I'm a second year Accounting & Finance student at a university which ranks in the top 10 universities in the UK. Last year (age 18) I was arrested and given a conditional caution for possession of a class A (MDMA).

It's my understanding that drug-related criminal records are viewed as extremely bad - especially a class A. I've been trying to deal with it and I've thought about it every day since it happened. I massively regret it but nothing I can do will change it now.

I am looking at applying for accounting placements at the Big 4 accounting firms and possibly Financial Analyst roles.

What is the most effective strategy of addressing this issue during my job hunt?

  • 7
    On a more serious note, drugs site:workplace.stackexchange.com and drugs site:clearancejobs.com. Usually two things are applicable: (1) honesty about the incident; and (2) reformed character that's been tested over time. It will be 5 or 10 years before you can put it behind you and not look back (assuming you stay clean). – jww Oct 11 at 10:33
  • 2
    conditional caution isn't a conviction? – Kilisi Oct 11 at 10:47
  • 2
    @jww not sure USA examples for real clearance very few UK employers actually are allowed to put people through the security clearance some of the big 4 do but that's only if your working for certain clients - you can still work for the big 4 and not have SC or DV – Neuromancer Oct 11 at 20:53
  • @Neuromancer - Yes, agreed. I was not implying one needs a clearance to be an accountant. The important piece of most discussions are, the employer wants to see honesty and disassociation from past behaviors. The grey area seems to be "how long". A college student experimenting (youthful indiscretion and poor judgement) is different than someone who smoked pot regularly into his/her 30's or 40's (lack of willingness to follow to rules and regulations). – jww Oct 11 at 21:33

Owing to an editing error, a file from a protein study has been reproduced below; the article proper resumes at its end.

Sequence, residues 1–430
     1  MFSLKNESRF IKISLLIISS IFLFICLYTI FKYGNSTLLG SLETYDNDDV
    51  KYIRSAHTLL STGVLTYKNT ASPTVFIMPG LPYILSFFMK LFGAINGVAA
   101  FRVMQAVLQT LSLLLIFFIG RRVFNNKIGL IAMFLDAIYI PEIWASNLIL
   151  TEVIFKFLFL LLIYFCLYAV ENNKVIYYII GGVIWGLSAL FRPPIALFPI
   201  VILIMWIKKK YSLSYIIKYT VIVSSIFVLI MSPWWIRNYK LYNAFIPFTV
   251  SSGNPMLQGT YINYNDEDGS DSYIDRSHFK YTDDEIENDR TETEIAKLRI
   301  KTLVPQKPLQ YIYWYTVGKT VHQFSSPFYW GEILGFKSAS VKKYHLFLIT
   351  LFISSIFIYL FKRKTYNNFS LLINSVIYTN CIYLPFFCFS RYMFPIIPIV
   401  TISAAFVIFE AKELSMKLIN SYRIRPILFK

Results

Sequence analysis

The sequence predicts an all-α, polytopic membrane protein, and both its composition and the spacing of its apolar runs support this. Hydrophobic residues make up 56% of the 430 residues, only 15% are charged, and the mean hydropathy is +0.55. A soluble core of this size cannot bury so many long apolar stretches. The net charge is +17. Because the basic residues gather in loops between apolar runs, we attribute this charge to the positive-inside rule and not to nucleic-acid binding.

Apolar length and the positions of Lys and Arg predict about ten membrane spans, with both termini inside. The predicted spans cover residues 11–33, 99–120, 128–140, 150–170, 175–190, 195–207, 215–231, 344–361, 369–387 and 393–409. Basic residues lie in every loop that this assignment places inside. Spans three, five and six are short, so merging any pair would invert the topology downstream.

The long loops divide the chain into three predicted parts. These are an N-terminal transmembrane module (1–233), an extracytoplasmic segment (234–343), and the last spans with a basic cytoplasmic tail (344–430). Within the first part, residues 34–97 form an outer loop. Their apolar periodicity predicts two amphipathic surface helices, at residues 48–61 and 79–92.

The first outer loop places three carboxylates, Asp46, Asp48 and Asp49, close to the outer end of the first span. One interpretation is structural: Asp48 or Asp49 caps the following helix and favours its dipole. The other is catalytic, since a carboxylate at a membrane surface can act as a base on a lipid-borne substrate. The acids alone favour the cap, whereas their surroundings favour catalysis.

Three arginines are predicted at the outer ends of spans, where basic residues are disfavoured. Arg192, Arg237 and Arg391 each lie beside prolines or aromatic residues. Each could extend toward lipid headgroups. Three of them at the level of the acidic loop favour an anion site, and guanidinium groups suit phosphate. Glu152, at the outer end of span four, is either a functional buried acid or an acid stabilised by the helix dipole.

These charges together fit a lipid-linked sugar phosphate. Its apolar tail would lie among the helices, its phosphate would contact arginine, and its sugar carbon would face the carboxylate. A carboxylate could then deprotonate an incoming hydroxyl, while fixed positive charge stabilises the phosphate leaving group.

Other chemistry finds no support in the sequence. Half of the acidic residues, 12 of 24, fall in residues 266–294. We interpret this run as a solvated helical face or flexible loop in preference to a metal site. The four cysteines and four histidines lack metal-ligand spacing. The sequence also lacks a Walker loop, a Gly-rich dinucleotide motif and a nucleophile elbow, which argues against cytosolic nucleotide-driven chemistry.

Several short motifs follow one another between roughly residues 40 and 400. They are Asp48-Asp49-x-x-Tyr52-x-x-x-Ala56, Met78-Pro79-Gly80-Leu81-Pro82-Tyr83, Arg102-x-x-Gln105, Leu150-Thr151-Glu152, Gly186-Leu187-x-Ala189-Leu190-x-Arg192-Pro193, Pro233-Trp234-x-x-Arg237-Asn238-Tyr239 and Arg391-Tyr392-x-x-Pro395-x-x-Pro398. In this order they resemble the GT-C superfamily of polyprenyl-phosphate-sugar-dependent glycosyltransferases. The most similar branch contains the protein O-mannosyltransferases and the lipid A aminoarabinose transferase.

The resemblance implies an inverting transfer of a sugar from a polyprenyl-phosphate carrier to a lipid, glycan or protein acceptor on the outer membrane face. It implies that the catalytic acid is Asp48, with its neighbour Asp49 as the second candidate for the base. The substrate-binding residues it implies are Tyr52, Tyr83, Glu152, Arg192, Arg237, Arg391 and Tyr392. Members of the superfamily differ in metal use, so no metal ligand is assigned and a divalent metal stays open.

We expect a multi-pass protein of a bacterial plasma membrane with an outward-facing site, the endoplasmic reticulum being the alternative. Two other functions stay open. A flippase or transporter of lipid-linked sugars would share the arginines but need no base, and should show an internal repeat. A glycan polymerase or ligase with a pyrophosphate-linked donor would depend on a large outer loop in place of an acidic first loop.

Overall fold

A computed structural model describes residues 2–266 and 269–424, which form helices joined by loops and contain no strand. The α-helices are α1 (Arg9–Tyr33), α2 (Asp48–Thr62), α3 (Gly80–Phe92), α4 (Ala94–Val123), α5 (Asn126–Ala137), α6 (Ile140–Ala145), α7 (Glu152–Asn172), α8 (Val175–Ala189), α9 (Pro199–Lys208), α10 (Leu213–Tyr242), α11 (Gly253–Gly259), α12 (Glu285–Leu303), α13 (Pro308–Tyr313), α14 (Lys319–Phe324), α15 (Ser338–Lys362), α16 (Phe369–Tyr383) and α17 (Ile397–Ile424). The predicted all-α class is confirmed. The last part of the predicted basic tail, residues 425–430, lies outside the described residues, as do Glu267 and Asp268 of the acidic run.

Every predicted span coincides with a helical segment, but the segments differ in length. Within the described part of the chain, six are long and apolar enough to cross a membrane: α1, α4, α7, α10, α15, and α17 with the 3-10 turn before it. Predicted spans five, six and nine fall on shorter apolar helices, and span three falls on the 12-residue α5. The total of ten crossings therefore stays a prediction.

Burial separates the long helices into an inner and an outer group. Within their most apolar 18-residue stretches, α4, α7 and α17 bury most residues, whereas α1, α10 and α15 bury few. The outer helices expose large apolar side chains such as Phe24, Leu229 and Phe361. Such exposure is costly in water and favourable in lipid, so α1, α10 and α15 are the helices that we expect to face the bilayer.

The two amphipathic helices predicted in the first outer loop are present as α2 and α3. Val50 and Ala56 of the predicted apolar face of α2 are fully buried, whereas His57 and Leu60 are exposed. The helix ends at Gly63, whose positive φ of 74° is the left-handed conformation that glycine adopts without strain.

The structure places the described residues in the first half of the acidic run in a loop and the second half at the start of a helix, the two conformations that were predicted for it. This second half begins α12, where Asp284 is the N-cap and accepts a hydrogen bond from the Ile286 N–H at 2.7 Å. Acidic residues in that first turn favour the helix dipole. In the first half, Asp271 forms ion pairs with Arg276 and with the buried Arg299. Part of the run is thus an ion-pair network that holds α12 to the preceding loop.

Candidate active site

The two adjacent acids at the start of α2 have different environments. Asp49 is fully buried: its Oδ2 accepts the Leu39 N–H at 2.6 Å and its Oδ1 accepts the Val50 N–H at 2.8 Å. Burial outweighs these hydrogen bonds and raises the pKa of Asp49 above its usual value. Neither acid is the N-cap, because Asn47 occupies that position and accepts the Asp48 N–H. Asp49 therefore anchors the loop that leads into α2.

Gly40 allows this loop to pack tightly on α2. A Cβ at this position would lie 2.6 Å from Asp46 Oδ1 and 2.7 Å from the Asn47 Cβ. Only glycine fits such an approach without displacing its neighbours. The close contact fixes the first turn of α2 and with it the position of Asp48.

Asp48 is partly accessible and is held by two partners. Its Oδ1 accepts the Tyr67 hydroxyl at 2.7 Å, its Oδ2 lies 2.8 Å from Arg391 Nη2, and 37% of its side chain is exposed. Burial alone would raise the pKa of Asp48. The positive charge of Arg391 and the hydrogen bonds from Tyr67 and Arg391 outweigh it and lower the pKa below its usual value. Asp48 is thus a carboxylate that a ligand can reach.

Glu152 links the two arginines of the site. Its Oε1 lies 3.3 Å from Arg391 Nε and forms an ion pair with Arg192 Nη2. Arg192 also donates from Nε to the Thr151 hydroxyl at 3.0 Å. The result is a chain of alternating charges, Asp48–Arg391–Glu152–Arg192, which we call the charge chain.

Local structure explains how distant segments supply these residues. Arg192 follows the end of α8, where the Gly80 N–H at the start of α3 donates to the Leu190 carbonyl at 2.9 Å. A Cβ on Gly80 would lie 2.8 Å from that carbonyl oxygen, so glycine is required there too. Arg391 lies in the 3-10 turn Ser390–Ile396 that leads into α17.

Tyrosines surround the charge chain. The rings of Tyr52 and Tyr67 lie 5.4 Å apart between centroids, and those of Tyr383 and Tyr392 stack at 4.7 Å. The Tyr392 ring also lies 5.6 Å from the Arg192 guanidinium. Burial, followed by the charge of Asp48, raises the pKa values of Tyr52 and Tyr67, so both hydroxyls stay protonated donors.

• @Neuromancer but working for the government, or defence related work, will normally require security clearance in the UK. – Mawg Oct 12 at 7:18
up vote 60 down vote accepted

There's good news and bad news..

The Bad News

A caution will remain part of your criminal record for life (well until you turn 100 anyway, see point 30 - it's not a conviction though) and will show up on all Disclosure and Barring Service (DBS) (formerly Criminal Records Bureau (CRB)) checks (basic, standard and enhanced). If your planned career would take you into a position that the Financial Conduct Authority (FCA) consider a "controlled position" then they are legally required to carry out a DBS check before employing you. They won't be doing this until the offer stage at the earliest though so you will have a decent opportunity to explain yourself.

The Good News

Certain types of caution (including your specific one) are eligible for what is called "filtering" where they after a certain amount of time they are automatically filtered from the results of a DBS check. As you were 18 or over at the time this will take 6 years from the date of the caution, so although it's technically still on your record (and available to the Police in a Police National Computer (PNC) check) it won't be affecting the DBS results after that point.

There's more good news in that having a record doesn't automatically mean you won't get approved - the FCA take various factors into account:

  • The nature of the offence and the relevance to the controlled function
  • Whether the nature of the offence raises questions about honesty, integrity and/or competence
  • The amount of time that has passed since the offence occurred
  • Whether the offence relates to an isolated incident or forms part of a pattern or behaviour.
  • The applicant's honesty when applying.